No context was provided for the images, and no clues about the location or date on which they were purportedly captured were immediately apparent. But in the comments, the image’s original poster said that the images were not from Austria:
Sorry, the article I read about this was mislabeled. A few of you caught the misprint and sent me to the actual article! This is from Japan!
They then provided a link to a page that explained more about the “Roof of Japan“:
Known as the “Roof of Japan”, the Tateyama Kurobe Alpine Route takes you from Nagano prefecture all the way to Toyama prefecture. This route passes through the dynamic scenery of Mt. Tateyama in the Japanese Alps and offers many stunning views and a great experience! If you are worried about walking and hiking the entire route, you can relax! The Alpine route offers many methods of travel for you to experience as you travel along the mountain. Some of these vehicles include an electrical green trolley bus, a 360° panorama ropeway, and cable cars!
A separate website described the scenic route shown in the photo:
The Tateyama Kurobe Alpine (pronounced “Alpen”) Route is known as the “Roof of Japan”. The route passes through the dynamic scenery of Mt. Tateyama in the Japan Alps. It is traversed using a variety of vehicles with an elevation change of 2400 meters from Toyama Prefecture to Nagano Prefecture.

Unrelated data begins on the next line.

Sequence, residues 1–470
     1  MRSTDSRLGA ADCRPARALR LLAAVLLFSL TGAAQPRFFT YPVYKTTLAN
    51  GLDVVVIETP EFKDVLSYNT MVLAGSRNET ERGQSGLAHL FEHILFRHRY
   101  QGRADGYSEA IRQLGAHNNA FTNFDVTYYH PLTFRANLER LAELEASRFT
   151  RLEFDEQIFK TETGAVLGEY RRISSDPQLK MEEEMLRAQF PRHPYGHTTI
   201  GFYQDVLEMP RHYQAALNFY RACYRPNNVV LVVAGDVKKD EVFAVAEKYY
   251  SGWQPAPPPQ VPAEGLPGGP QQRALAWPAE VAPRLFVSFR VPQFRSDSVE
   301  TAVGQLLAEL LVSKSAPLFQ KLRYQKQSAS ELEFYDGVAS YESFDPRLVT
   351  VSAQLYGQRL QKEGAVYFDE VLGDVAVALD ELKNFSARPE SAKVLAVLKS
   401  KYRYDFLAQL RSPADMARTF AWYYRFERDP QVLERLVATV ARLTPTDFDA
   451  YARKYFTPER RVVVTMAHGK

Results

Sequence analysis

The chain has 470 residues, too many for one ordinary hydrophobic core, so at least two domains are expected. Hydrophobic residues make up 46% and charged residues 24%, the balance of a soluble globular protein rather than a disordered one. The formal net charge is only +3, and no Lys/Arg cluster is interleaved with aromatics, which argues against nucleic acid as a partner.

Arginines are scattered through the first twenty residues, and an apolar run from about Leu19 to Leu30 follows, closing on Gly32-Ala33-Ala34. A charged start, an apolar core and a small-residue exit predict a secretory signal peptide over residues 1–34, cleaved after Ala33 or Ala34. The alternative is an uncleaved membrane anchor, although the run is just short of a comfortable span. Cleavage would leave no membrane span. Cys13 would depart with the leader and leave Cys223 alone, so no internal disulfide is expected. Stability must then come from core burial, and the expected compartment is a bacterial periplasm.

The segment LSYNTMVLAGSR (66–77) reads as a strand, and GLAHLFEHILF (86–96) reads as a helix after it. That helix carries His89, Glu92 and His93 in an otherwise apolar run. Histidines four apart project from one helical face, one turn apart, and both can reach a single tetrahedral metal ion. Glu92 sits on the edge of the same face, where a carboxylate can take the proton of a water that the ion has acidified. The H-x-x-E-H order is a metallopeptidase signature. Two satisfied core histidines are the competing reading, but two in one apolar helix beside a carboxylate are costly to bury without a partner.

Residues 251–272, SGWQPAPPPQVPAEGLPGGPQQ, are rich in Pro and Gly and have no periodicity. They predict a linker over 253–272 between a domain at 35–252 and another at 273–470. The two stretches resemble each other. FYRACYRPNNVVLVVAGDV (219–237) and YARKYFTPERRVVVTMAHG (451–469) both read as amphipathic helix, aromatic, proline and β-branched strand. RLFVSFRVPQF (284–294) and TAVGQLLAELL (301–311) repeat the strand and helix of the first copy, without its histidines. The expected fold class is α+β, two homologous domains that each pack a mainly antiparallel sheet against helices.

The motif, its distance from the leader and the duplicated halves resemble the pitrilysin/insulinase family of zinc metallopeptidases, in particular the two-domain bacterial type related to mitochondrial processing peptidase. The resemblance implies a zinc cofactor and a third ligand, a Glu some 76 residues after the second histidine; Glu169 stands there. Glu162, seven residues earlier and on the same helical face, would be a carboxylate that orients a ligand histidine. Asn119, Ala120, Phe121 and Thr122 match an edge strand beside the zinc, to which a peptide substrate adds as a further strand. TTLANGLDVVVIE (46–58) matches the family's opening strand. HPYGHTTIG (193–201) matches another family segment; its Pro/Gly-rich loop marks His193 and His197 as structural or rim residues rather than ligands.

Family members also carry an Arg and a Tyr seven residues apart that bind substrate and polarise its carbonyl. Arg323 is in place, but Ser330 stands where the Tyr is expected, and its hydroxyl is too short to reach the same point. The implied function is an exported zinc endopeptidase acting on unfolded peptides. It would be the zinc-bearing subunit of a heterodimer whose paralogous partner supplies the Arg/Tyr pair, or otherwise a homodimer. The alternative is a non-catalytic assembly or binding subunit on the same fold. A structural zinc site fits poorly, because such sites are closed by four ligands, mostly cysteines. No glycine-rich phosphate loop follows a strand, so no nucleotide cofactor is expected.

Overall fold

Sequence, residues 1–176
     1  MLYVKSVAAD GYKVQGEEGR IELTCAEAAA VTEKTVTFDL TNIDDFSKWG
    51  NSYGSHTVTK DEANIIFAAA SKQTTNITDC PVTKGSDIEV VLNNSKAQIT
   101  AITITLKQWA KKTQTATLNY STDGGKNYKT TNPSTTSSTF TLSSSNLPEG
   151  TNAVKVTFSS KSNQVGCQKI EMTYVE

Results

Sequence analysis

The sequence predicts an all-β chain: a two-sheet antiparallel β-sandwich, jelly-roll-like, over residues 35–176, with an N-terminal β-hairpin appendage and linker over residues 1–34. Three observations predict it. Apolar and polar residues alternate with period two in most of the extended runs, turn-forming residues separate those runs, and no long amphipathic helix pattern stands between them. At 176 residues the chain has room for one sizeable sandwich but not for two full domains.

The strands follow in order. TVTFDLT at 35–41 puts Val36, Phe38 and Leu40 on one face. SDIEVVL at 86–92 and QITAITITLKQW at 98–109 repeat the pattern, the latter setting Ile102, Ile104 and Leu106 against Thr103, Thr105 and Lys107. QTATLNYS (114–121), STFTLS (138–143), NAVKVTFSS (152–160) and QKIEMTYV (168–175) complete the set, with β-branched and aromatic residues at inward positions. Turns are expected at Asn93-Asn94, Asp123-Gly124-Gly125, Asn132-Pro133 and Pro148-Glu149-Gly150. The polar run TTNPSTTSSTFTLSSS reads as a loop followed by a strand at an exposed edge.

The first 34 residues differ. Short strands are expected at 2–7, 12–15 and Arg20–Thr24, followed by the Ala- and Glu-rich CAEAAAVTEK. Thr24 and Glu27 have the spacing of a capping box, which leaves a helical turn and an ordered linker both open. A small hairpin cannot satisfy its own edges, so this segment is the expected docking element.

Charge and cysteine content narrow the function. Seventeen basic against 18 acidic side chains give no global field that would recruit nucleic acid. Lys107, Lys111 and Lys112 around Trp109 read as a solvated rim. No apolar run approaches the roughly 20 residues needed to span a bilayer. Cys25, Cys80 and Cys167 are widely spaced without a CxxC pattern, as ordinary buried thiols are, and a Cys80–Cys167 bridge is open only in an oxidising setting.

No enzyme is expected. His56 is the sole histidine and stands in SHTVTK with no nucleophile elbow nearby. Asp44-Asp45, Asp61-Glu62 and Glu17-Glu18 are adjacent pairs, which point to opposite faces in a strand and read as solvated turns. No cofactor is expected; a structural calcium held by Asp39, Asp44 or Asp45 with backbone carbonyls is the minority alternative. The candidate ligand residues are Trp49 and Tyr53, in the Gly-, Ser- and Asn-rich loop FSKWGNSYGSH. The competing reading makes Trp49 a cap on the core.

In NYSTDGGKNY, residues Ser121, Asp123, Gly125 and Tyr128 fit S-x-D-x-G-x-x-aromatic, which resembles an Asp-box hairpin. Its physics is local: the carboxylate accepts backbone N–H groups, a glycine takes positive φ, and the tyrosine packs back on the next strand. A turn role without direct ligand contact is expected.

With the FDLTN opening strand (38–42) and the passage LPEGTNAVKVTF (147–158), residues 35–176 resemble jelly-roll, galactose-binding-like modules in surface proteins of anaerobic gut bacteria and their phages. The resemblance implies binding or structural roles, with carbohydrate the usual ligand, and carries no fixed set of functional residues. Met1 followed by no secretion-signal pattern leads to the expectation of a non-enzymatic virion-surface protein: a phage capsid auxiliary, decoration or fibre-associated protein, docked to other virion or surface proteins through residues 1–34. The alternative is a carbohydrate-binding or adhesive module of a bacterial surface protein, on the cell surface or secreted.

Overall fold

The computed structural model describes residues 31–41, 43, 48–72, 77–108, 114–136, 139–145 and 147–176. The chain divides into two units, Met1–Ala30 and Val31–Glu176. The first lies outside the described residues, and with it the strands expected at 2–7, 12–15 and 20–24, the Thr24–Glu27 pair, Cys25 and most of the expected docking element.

In April 2018, CNN reported:
The corridor features walls of snow that tower as high as 17 meters over the road, the result of months of strenuous work by snowplow truck drivers.
The walk takes around 50 minutes and stays open until June 22, when the walls recede as the weather warms. It’s expected the route will receive more than 5,000 visitors daily in April and May.
Other highlights along the Snow Wall Walk include Panorama Road (which offers views of the Tateyama peaks), a snow hut, snow maze and a snow slide — each with different opening periods.
CNN also featured a slideshow demonstrating various views of Mt. Tateyama’s Snow Wall Walk, and slide four matched the photograph seen in the original Facebook post. As the article noted, the roads were deliberately carved out by snow plows to draw tourists to the attraction.